iface = gr.Interface(sales_projections, 
    gr.inputs.Dataframe(
        headers=["Name", "Jan Sales", "Feb Sales", "Mar Sales"],
        default=[["Jon", 12, 14, 18], ["Alice", 14, 17, 2], ["Sana", 8, 9.5, 12]]
    ),
    [
        "dataframe",
        "plot",
        "numpy"
    ],
    description="Enter sales figures for employees to predict sales trajectory over year."
)
iface.launch()

Example Inputs

You can provide example data that a user can easily load into the model. This can be helpful to demonstrate the types of inputs the model expects, as well as to provide a way to explore your dataset in conjunction with your model. To load example data, you provide a nested list to the examples= keyword argument of the Interface constructor. Each sublist within the outer list represents a data sample, and each element within the sublist represents an input for each input component. The format of example data for each component is specified in the Docs.

import gradio as gr

def calculator(num1, operation, num2):
    if operation == "add":
        return num1 + num2
    elif operation == "subtract":
        return num1 - num2
    elif operation == "multiply":
        return num1 * num2
    elif operation == "divide":
        return num1 / num2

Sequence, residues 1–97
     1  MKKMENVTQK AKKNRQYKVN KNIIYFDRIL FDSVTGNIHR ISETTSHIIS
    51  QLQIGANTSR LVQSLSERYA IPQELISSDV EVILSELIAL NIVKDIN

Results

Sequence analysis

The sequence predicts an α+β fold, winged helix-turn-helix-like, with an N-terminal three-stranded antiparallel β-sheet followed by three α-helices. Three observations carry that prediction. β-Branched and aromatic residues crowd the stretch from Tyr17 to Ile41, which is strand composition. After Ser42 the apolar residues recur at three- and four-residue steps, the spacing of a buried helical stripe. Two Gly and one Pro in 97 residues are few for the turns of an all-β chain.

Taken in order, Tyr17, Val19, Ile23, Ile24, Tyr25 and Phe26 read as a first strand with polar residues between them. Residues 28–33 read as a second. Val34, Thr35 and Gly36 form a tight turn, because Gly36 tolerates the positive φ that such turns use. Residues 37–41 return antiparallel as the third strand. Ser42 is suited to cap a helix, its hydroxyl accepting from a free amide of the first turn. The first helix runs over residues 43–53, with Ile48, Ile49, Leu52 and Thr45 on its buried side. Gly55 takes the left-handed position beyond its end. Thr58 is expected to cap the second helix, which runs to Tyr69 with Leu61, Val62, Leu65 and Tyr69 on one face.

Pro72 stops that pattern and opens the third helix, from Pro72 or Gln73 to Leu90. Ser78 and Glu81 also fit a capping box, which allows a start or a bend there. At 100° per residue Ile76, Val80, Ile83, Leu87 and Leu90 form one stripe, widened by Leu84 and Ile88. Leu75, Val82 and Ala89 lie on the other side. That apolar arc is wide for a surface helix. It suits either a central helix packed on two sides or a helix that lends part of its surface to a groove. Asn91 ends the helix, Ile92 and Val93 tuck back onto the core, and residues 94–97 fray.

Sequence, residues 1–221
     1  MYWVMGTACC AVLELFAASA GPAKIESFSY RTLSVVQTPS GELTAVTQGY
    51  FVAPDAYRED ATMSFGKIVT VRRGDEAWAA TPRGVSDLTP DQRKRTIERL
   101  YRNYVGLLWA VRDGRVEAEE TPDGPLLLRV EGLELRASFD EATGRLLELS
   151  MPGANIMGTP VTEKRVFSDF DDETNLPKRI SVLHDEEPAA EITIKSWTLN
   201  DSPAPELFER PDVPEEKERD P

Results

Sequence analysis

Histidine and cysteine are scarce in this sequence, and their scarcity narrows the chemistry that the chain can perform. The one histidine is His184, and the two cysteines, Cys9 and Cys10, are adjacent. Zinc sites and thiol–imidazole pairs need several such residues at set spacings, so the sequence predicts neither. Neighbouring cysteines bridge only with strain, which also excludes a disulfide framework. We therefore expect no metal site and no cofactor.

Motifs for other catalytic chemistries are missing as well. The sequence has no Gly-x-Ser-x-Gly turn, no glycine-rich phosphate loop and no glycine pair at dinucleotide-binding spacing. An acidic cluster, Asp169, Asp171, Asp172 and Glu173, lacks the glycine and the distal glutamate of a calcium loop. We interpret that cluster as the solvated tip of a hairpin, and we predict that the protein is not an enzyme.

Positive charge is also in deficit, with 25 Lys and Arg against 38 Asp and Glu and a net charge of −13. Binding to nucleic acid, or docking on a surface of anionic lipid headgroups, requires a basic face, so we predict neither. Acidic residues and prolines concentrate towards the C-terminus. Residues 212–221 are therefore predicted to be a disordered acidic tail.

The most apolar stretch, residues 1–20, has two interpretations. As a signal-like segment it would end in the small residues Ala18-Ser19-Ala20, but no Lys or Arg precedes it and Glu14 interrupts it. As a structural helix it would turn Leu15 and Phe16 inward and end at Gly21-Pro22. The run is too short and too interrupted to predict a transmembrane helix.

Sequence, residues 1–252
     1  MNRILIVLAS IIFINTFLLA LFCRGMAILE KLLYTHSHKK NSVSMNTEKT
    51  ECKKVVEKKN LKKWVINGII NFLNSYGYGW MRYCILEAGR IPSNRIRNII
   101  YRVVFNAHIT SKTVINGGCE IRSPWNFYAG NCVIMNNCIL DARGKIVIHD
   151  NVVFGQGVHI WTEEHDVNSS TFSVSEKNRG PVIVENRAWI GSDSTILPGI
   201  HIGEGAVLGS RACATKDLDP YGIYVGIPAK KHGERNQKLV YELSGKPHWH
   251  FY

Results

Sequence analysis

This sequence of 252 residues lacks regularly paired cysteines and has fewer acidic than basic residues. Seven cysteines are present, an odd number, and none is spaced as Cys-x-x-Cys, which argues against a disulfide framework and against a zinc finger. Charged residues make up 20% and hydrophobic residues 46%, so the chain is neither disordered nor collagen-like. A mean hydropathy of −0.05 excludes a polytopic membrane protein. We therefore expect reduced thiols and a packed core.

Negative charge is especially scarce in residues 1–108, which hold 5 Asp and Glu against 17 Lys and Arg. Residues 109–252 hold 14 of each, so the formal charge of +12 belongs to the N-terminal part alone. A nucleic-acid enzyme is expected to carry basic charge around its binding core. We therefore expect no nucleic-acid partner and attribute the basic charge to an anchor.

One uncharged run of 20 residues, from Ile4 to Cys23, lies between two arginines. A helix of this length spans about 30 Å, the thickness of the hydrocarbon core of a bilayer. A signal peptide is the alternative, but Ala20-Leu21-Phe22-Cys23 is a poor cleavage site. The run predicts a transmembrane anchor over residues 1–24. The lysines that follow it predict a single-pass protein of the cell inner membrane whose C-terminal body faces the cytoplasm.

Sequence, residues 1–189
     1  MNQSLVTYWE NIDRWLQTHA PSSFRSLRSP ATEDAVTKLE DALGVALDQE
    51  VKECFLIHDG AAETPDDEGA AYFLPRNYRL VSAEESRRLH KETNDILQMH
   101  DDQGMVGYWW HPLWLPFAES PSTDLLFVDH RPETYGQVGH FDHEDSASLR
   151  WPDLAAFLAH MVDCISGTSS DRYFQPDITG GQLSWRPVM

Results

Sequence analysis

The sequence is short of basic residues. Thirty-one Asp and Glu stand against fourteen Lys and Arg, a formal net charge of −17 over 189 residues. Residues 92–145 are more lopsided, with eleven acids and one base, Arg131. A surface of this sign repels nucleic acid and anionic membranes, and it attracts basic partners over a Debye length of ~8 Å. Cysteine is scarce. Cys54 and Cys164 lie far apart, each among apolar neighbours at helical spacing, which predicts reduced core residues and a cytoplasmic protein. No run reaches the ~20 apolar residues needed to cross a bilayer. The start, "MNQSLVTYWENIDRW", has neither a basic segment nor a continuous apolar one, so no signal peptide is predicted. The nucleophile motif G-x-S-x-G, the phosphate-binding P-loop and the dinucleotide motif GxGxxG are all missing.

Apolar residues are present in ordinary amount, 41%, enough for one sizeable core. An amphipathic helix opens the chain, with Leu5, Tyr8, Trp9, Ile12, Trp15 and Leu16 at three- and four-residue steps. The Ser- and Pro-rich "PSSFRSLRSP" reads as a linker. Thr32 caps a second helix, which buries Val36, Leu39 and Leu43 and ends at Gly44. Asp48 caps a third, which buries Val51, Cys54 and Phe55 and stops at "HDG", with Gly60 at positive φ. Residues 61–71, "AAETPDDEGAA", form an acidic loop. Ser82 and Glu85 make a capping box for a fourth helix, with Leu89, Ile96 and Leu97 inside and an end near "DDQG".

iface = gr.Interface(calculator, 
    ["number", gr.inputs.Radio(["add", "subtract", "multiply", "divide"]), "number"],
    "number",
    examples=[
        [5, "add", 3],
        [4, "divide", 2],
        [-4, "multiply", 2.5],
        [0, "subtract", 1.2],
    ],
    title="test calculator",
    description="heres a sample toy calculator. enjoy!",
    flagging_options=["this", "or", "that"],
)

iface.launch()

You can load a large dataset into the examples to browse and interact with the dataset through Gradio. The examples will be automatically paginated (you can configure this through the examples_per_page argument of Interface) and you can use CTRL + arrow keys to navigate through the examples quickly.

Live Interfaces

You can make interfaces automatically refresh by setting live=True in the interface. Now the interface will recalculate as soon as the user input changes.

import gradio as gr

def calculator(num1, operation, num2):
    if operation == "add":
        return num1 + num2
    elif operation == "subtract":
        return num1 - num2
    elif operation == "multiply":
        return num1 * num2